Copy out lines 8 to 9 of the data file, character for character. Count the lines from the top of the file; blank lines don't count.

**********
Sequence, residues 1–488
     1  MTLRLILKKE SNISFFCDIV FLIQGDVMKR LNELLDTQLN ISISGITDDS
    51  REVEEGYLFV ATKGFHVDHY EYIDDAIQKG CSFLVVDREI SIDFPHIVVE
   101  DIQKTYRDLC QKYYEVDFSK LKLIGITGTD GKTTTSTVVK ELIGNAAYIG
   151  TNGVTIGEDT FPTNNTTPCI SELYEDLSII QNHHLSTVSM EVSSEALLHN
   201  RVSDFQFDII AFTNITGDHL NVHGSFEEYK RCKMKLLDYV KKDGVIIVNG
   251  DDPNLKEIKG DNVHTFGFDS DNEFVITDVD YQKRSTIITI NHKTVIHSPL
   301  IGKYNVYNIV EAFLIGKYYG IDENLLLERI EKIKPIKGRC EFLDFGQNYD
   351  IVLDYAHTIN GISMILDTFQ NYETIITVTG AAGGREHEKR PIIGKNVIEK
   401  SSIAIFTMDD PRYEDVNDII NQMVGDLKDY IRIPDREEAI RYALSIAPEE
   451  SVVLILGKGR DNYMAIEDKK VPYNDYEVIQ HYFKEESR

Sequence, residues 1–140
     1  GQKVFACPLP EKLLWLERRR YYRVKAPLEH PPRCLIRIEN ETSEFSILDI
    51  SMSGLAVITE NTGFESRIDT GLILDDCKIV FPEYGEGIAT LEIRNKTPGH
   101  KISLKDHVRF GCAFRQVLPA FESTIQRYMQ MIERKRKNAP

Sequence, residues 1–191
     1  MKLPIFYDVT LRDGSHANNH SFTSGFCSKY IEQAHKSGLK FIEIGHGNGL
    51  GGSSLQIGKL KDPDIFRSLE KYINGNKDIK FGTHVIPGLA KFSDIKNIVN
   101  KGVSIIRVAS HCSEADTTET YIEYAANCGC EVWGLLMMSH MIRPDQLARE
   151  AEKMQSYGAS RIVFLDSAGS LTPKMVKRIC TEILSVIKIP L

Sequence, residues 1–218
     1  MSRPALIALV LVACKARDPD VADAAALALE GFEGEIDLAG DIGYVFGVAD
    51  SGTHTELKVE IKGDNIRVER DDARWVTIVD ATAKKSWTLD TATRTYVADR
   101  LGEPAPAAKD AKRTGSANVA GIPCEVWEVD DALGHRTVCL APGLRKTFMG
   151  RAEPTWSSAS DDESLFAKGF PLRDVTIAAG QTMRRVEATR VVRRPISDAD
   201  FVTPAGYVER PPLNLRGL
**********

   301  IGKYNVYNIV EAFLIGKYYG IDENLLLERI EKIKPIKGRC EFLDFGQNYD
   351  IVLDYAHTIN GISMILDTFQ NYETIITVTG AAGGREHEKR PIIGKNVIEK